An Energy Company Behind A Major Bribery Scandal In Ohio Will Pay A $230 Million Fine
FirstEnergy Corp. has agreed to pay a $230 million fine for its central role in a bribery scheme — the goal of which was to get legislation passed that included a $1 billion bailout for two of its power plants in Ohio.
Federal prosecutors charged FirstEnergy, based in Akron, Ohio, with conspiring to commit honest services wire fraud.
On Thursday, the Justice Department announced the utility company agreed to pay the multimillion-dollar penalty as part of a deferred prosecution agreement. In return, the government will drop the charge against the company if it complies with the deal over the next three years.
Acting U.S. Attorney Vipal Patel said Thursday that the fine is the "largest criminal penalty ever collected, as far as anyone can recall, in the history of this office."
But it's far less than the more than $1 billion the company made just last year, according to The Cincinnati Enquirer. According to the company, it is considered one of the nation's largest investor-owned electric systems, made up of 10 regulated distribution companies that serve 6 million customers in the Midwest and Mid-Atlantic regions.
Patel dismissed the notion that the fine wasn't enough.
"The principle here is trying to come up with a number that stings but doesn't annihilate," Patel said.
FirstEnergy's bribery scheme entangled several Ohio lobbyists and political officials, most notably now-former Ohio House Speaker Rep. Larry Householder, who the government alleges did the company's bidding in return for money.
The case, which is still unfolding, has had far-reaching implications for Ohio politics and business.
According to federal indictments, from 2017 to March 2020, FirstEnergy Corp. funneled $60 million to Householder, a 501(c)(4) group controlled by Householder, his aides, and other political officials.
Householder, who was federally indicted in relation to the ploy last year, maintains his innocence.
Charges go beyond House speaker
FirstEnergy funneled $60 million through Householder's tax-exempt organization, Generation Now, created just for this purpose. Householder took $500,000 of that for personal use, the Justice Department alleges. The company also admits to funneling money to additional dark money groups.
In return for the money, Householder and others allegedly worked to pass a bill that contained a $1 billion ratepayer-funded rescue package for FirstEnergy power plants. It would have added a new fee to every electricity bill in Ohio. House Bill 6 passed in July 2019.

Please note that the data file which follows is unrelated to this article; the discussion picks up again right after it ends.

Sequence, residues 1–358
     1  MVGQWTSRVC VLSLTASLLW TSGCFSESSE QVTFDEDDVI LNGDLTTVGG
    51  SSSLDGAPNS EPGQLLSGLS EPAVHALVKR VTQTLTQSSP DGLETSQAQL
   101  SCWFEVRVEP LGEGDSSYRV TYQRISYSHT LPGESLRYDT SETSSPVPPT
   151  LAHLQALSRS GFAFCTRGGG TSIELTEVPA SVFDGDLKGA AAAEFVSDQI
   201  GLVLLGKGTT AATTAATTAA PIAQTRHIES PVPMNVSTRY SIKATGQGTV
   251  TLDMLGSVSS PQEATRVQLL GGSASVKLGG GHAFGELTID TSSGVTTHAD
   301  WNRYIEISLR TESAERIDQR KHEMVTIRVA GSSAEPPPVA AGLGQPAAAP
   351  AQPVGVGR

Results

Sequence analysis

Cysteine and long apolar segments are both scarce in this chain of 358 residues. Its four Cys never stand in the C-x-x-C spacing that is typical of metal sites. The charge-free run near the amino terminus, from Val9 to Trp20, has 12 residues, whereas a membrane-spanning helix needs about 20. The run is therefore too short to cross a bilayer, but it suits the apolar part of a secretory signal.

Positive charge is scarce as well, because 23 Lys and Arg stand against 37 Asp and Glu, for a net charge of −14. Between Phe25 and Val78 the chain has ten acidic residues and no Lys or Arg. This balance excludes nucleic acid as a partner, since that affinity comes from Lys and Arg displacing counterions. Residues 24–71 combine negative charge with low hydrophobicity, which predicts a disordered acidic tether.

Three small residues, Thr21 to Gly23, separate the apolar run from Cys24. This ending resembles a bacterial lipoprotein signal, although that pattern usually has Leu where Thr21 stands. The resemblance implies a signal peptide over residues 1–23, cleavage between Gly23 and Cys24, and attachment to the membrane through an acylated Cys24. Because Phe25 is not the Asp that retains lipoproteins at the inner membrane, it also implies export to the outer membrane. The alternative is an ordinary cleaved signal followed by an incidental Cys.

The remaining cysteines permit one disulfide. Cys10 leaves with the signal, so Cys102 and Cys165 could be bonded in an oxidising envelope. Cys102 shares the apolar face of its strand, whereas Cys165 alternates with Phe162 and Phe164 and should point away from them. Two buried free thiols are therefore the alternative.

Householder also received funds to kill a ballot initiative that aimed to defeat the legislation, according to the Justice Department.
Aides and others close to Householder were also involved in the scandal.
Mathew Borges, a lobbyist who previously served as chairman of the Ohio Republican Party; Jeffrey Longstreth, Householder's longtime campaign and political strategist; Neil Clark, a lobbyist who owned and operated Grant Street Consultants and previously served as budget director for the Ohio Republican Caucus; Juan Cespedes, a Columbus-area lobbyist, have been charged in relation to the case.
Longstreth, Borges, Clark, and Cespedes are accused of using the bribe money to build Householder's political power while enriching themselves.
The bribery scandal's aftermath
Longstreth and Cespedes pleaded guilty to racketeering in October 2020. Generation Now pleaded guilty in February to one count of participating in a more than $60 million racketeering conspiracy.
Before his death in March, Clark pleaded not guilty and denied any wrongdoing. Borges also pleaded not guilty to charges and continues to dispute the allegations against him.
Following revelations that alleged House Bill 6 passed using bribery and other illegal means, lawmakers worked to repeal two major pieces of the legislation. A separate bill removed the more than $1 billion financial bailout.
In June of this year, the Ohio House expelled Householder from the state legislature.
FirstEnergy also fired its CEO and several top company executives in the wake of the scandal.
The company's new president and chief executive officer, Steven E. Strah, said in a statement Thursday, "Moving forward, we are intently focused on fostering a strong culture of compliance and ethics, starting at the top, and ensuring we have robust processes in place to prevent the type of misconduct that occurred in the past."
Half of FirstEnergy's penalty will go to the U.S. Treasury. The other $115 million will go to an Ohio program that provides assistance to residents in paying their regulated utility bills.
The company also agreed to assist the government in its case against others involved in the scheme.
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